• OMISSION. In arranging facts to create a compelling story, journalists often exclude details that would introduce complications or unresolved issues. This causes some facts to be exaggerated and others to be diminished. Because television anchors and reporters may sometimes need to tell a complex story in a minute or so, important details can be skipped.

  •  COMPETITION. In recent decades, as the number of television stations multiplied, the amount of time viewers spent watching just one station fell drastically. To keep viewers interested, news stations were compelled to offer something unique or entertaining. Commenting on this development, the book Media Bias states: “The [television] news became a running picture show, with images selected to shock or titillate, and stories shortened to match an [ever-shorter] attention span on the part of viewers.”

  • MISTAKES. Because they are human, journalists make honest mistakes. A misspelled word, a misplaced comma, an error in grammar—these can all distort the meaning of a sentence. Facts may not be carefully checked. Numbers too can easily trip up a journalist who, in the scramble to meet a deadline, might easily type 10,000 instead of 100,000.

  • FALSE ASSUMPTIONS. Accurate reporting is not as easy as some might think. What seems to be a fact today may be proved wrong tomorrow. The earth, for example, was once believed to be the center of our solar system. Now we know that the earth circles the sun.

 A Need for Balance

While it is wise not to believe everything we read in the news, it does not follow that there is nothing we can trust. The key may be to have a healthy skepticism, while keeping an open mind.

The Bible says: “Does not the ear itself test out words as the palate tastes food?” (Job 12:11) Here, then, are some tips that will help us to test out the words we hear and read:

  • PROVIDER: Does the report come from a credible, authoritative person or organization? Does the program or publication have a reputation for seriousness or for sensationalism? Who provide the funds for the news source?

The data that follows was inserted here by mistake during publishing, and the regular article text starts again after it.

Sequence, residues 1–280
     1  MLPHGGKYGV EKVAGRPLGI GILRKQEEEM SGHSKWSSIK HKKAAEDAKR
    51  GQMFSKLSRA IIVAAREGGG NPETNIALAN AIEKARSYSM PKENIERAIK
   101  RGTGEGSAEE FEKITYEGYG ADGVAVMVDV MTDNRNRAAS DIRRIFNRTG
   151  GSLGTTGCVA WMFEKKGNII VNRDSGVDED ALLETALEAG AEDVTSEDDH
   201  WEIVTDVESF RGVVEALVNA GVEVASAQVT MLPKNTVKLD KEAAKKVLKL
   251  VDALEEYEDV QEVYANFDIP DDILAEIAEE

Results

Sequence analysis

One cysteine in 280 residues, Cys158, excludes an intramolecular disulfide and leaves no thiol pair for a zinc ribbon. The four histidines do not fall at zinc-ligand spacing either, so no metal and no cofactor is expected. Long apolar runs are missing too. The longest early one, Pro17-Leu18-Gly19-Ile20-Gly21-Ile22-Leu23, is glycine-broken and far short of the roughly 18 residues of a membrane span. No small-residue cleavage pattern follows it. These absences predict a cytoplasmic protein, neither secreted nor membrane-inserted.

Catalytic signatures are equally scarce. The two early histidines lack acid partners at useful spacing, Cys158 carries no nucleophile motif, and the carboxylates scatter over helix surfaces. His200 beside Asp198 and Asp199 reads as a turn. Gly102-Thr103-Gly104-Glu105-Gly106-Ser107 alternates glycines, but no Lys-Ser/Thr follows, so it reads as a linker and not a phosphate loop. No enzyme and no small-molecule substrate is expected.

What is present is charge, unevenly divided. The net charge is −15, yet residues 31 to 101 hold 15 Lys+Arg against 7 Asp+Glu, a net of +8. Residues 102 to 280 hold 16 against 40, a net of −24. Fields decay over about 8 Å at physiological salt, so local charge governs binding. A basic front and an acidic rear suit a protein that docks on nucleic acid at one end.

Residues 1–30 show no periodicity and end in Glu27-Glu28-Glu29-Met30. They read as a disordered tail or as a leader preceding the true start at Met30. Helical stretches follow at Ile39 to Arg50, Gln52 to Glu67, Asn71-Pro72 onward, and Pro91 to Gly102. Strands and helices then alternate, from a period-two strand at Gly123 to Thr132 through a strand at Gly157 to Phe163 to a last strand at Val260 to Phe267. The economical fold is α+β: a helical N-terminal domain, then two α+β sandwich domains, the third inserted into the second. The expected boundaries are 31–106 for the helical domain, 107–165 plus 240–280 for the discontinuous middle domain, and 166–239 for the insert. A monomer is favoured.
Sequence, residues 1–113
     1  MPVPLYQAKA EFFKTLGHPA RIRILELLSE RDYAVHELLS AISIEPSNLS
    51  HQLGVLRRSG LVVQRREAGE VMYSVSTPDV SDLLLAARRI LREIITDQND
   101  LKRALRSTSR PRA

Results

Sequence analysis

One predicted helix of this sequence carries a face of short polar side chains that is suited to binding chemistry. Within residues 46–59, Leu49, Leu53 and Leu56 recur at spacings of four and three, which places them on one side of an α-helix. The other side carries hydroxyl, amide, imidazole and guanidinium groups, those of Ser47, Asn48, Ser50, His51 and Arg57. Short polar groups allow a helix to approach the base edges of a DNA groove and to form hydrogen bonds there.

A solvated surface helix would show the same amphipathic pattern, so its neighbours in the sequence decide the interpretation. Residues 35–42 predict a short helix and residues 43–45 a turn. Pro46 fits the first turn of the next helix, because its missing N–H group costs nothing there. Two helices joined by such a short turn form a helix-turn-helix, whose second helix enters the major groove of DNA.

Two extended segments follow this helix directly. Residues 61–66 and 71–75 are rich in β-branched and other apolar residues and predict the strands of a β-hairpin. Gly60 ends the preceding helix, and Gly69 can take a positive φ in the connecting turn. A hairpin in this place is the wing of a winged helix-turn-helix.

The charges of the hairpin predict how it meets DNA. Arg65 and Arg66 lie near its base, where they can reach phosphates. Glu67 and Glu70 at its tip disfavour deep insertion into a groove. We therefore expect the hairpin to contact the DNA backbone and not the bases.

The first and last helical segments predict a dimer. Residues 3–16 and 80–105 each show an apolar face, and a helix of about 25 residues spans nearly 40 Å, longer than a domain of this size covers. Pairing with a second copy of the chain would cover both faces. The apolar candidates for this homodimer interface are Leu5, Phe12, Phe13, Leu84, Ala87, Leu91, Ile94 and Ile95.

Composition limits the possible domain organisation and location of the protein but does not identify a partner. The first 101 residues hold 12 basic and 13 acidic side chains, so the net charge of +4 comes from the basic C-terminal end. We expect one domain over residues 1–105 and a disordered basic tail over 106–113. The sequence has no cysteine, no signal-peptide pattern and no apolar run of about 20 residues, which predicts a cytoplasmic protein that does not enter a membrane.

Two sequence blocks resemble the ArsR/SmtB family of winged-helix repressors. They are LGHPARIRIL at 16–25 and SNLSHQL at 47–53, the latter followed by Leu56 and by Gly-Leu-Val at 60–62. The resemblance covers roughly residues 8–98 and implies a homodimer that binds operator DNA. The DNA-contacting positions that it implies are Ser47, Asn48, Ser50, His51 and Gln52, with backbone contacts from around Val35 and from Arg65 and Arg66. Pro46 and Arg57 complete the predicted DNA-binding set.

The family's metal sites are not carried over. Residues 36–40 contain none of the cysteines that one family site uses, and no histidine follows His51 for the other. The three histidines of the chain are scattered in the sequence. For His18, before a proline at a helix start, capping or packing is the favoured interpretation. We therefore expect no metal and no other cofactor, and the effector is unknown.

• SOURCES: Is there evidence of thorough research? Is the story based on just one source? Are the sources reliable, fair, and objective? Are they balanced, or have they been selected to convey only one point of view?

  • PURPOSE: Ask yourself: ‘Is the news item primarily to inform or entertain? Is it trying to sell or support something?’

  • TONE: When the tone of a news item is angry, spiteful, or highly critical, it suggests that an attack is under way and not a reasoned argument.

  • CONSISTENCY: Are the facts consistent with those in other articles or reports? If stories contradict one another, be careful!

  • TIMELINESS: Is the information recent enough to be acceptable? Something thought to be correct 20 years ago may be discounted today. On the other hand, if the news item is a breaking story, it may lack complete and comprehensive information.

So, can you trust the news media? Sound advice is found in the wisdom of Solomon, who wrote: “Anyone inexperienced puts faith in every word, but the shrewd one considers his steps.”—Proverbs 14:15.


THE WATCHTOWER DECEMBER 2013

APPEARED IN

 DRAW CLOSE TO GOD

“Look! I Am Making All Things New”

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Do you desire good health and a long life for yourself and your family? Do you long to live in a world where pain, suffering, and death will be things of the past? Such a world is not a figment of the imagination. On the contrary, a righteous new world will soon be a reality, for Jehovah God has purposed it. Note how the fulfillment of his purpose is described at Revelation 21:3-5.—Read.

“[Godwill wipe out every tear from their eyes.” (Revelation 21:4) What kind of tears will he wipe out? Neither tears of joy nor the tears that protect our eyes. God’s promise refers to tears caused by suffering and sorrow. God will not merely dry off such tears; he will wipe them out completely by removing the causes of unwanted tears—suffering and sorrow.